Article, Arts & Culture, Urban Issues, Community

Conversations with Arts and Cultural Workers in Vancouver on Below the Radar

January 10, 2024

Reflecting on our See How We Run! podcast series.

In December, we wrapped up our latest Below the Radar podcast series which featured conversations with arts and cultural workers in Vancouver. See How We Run! looks at local arts collectives and organizations, highlighting conversations about creation, spacemaking, accessibility, and self-determination within the framework of Vancouver’s cityscape. These conversations are inspired by the long history of artist-run centres in Vancouver, as well as the affordability crisis that threatens to make the city one without art. See How We Run! provokes ongoing conversation about the urban conditions under which interdisciplinary creativity and inclusive communities thrive.

Join us in looking back on these engaging and important conversations. Let's run it back!

See How We Run! Conversations with Arts and Cultural Workers

In this first episode, co-hosts and SFU VOCE staff Julia Aoki, Kathy Feng, and Samantha Walters introduce the series and what’s to come. In each episode, they speak to artists, consultants, administrators, and advocates at various stages in their career about how art and culture is made and sustained in Vancouver. Coming from working in various arts and cultural roles themselves, the three explain their interest in starting this series and where they hope the conversations lead.

 “Artist-run centres in my experience are sites for imagining alterity, for difference, for exercising collective forms of organization. And, you know, historically they were sort of, they emerged as spaces of distinction from public museums and private galleries. And, you know, discursively also they've— there's language around them being kind of radical spaces, spaces of radical otherness. But what is interesting to me is that they're also these sort of coherent institutional forms that have been recognized and legitimised through their state relations, through funding relationships, through reporting requirements to funders, and to the government if they're charities or nonprofit associations, and through the organisational structure, so there's this kind of inherent tension for— this is true of other organizations, I'm sure but cultural organizations that are trying to realise something different. Trying to, you know, do decolonial work, trying to work in a non hierarchical way, in an accessible way.”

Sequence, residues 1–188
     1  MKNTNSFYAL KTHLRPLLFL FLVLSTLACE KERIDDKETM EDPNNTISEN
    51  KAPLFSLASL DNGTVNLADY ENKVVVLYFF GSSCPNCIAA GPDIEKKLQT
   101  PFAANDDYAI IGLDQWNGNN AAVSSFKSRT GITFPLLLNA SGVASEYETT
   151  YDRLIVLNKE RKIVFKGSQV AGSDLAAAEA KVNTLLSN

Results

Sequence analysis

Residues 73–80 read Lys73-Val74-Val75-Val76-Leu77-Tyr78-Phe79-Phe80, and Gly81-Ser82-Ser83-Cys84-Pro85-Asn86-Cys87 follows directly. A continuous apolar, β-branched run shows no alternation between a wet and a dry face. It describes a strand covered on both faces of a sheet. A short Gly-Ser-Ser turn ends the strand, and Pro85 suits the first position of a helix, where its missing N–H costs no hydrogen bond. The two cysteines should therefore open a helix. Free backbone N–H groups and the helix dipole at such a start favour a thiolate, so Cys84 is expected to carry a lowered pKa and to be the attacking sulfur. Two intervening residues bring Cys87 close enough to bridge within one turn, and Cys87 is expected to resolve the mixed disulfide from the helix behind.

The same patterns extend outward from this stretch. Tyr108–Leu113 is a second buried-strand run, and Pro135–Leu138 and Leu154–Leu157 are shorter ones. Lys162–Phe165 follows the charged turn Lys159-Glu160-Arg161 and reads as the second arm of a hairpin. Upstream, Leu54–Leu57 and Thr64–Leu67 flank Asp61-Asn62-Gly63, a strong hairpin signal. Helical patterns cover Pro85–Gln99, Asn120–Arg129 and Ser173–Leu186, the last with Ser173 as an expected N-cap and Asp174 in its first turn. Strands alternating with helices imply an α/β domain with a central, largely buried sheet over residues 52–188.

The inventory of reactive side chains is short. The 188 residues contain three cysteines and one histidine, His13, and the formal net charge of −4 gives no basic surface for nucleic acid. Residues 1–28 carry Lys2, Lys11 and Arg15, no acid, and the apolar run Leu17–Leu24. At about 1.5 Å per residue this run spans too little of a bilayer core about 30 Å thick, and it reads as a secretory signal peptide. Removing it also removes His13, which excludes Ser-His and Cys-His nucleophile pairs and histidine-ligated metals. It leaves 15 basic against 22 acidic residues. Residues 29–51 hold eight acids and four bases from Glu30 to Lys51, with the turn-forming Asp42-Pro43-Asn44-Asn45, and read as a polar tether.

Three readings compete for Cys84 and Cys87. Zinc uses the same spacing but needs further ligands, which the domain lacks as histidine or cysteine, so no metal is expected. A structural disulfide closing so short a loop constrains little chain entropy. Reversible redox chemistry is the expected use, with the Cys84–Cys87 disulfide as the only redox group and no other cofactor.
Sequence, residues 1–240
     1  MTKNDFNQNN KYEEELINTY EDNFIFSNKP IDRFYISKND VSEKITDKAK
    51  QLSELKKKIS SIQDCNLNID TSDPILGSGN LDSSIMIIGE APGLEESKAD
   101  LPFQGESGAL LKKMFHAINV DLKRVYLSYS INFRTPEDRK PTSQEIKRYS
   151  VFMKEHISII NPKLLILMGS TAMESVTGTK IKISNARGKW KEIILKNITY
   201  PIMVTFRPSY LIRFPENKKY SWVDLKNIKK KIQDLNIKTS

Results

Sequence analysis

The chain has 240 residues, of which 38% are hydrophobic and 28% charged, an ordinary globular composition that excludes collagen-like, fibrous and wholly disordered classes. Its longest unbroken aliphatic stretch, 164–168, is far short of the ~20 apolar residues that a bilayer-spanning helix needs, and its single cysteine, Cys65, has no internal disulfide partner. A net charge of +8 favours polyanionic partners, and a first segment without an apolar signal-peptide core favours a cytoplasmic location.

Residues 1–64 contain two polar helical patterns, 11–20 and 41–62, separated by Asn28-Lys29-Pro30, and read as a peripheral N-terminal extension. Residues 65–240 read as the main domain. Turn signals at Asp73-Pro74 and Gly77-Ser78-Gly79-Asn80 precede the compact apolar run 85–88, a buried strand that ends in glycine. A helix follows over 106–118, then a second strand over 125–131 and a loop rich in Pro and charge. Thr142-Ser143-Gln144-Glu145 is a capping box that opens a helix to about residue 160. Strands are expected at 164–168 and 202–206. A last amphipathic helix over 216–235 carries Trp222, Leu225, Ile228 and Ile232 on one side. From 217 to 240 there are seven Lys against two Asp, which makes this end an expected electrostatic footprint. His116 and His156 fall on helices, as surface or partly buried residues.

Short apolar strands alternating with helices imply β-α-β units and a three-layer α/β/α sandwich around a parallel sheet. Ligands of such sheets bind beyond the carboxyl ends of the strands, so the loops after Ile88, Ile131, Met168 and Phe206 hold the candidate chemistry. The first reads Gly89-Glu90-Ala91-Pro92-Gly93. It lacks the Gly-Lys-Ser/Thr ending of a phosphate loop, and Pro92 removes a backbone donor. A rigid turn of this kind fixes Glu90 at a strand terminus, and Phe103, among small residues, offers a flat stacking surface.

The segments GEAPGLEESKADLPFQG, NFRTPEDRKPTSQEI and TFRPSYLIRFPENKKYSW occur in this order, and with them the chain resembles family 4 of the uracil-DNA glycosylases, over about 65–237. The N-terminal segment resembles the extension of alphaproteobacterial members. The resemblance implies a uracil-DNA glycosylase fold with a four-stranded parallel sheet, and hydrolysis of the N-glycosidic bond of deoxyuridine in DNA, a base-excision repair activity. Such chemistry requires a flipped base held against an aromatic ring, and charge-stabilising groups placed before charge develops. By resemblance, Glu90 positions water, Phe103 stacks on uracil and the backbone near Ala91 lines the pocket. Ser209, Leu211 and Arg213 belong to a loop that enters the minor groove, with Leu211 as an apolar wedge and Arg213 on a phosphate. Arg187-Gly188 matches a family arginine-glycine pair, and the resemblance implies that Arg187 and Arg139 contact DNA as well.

— Julia Aoki

Backstage Spaces — with Alen Dominguez and Caitlin Jones

How do collective interdisciplinary performance creation spaces work to manage both affordability and meaningful inter-company collaboration?

Samantha spoke to Neworld Theatre’s managing director Alen Dominguez and consultant Caitlin Jones about Progress Lab 1422’s Backstage Spaces report. Progress Lab is a building in East Van that is a dedicated performance creation space and home to a collective of renowned theatre and dance companies, who collaboratively run the space with their nonprofit tenants’ board C-Space. Progress Lab is home to Company 605, Electric Company Theatre, the Frank Theatre, Neworld theatre, Playwrights Theatre Centre, rice & beans theatre, Rumble, Tara Cheyenne Performance, and Theatre Conspiracy.

The Backstage Spaces report provides an understanding of the issues performance creation spaces face in terms of affordability, city zoning, and property-tax, that threaten not only the companies tenancies but their creative capacities.

"I mean, I think it's so obvious to say, but it's, it's really incredible how much predatory real estate practices has taken away from us in this city, like, it's sort of impossible to quantify it, but just even you saying, like, it started as four theatre companies with a place to just kind of hang out and screw around and make stuff and do things like, that just doesn't feel possible in the city at all anymore. And, you know, I think we're making huge strides, necessarily important things in terms of making these spaces more accessible. Because those types of spaces were maybe not as accessible to other people, it was a particular group of people who had the wherewithal and the confidence to go out and do that. So I do think that there's been some huge strides maken in terms of like providing access to those spaces, but there's just such a complete and total lack of ability to be spontaneous, and try something out and take a space." 

— Caitlin Jones

Art as Agency, Autonomy and Community — with Demi London and Moroti George